“What” versus “Who”: Europe’s Rule of Law Agenda Revisited

As we all know, observance of the “Rule of Law” is a central criterium for accession. The way this concept is handled in the enlargement process raises a number of serious concerns, addressed in a recent paper by Rachel Kleinfeld and myself, entitled “RETHINKING EUROPE’S RULE OF LAW AND ENLARGEMENT AGENDA: THE FUNDAMENTAL DILEMMA”. In it, we advocate inter alia a consistent rule of law approach across the EU instead of keeping the Copenhagen criteria solely for the realm of the enlargement process.

The background for the paper is this: In 2010, noting problems inter alia in Romania and Bulgaria, the EU Commission turned to the OECD SIGMA Programme (Support for Improvement in Governance and Management) for a background report on rethinking the way we promote and sustain the rule of law in the process of enlargement. The SIGMA Programme was created in 1991 to assist the EU in the enlargement process and is principally financed by the EU. It supports public governance reform efforts, including on the rule of law in both EU actual and potential Candidates well as European neighbours. Although I protested that Rachel and I were not lawyers, the OECD secretariat wished for us to expand on our argument in the book edited by Gianluigi Palombella and Neil Walker on Relocating the Rule of Law (2009). We thus produced this report with considerable support and enthusiasm from the OECD secretariat and a network of brilliant EU legal scholars who met at OECD. Unfortunately, in spite of being published by the OECD, the report has gone nowhere fast. Wonder why…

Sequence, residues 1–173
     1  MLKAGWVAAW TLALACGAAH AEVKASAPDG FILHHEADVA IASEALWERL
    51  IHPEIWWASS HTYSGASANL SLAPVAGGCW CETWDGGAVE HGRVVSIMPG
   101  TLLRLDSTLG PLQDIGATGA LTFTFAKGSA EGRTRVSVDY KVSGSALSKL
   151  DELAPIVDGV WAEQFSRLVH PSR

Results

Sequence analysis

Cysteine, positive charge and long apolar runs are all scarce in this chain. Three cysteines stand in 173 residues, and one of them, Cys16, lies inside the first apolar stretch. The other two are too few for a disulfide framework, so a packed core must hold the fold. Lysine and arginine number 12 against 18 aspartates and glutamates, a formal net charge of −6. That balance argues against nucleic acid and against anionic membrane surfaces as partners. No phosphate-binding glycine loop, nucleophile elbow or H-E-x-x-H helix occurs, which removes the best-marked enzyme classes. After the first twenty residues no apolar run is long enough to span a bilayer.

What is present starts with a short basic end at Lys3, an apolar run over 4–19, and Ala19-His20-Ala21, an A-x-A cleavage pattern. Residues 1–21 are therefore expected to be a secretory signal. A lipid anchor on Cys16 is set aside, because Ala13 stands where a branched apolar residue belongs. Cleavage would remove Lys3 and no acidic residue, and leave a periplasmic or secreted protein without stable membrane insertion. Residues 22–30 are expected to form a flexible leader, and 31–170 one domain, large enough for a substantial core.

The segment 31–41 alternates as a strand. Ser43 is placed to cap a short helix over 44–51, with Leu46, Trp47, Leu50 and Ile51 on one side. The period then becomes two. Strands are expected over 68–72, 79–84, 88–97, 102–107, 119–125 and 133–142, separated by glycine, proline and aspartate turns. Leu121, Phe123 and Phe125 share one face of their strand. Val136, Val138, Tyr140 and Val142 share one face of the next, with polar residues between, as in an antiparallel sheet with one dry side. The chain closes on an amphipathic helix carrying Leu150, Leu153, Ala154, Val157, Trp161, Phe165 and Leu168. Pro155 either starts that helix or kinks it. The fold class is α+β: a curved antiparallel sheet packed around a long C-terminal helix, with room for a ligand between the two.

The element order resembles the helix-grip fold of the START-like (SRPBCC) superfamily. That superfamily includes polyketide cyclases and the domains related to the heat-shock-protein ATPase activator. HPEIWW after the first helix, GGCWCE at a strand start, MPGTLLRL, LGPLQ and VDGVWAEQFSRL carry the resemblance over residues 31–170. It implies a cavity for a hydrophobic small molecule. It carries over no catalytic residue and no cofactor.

Anyway, it is now a Jean Monnet Paper (08/2012) and we hope it may elicit some further discussion.

This paper sets out a strategy calling for a radical overhaul of the manner in which both the EU and aspiring member states define and implement what the Copenhagen criteria refer to as the “Rule of Law” in pursuit of the elusive goal of sustainability ...

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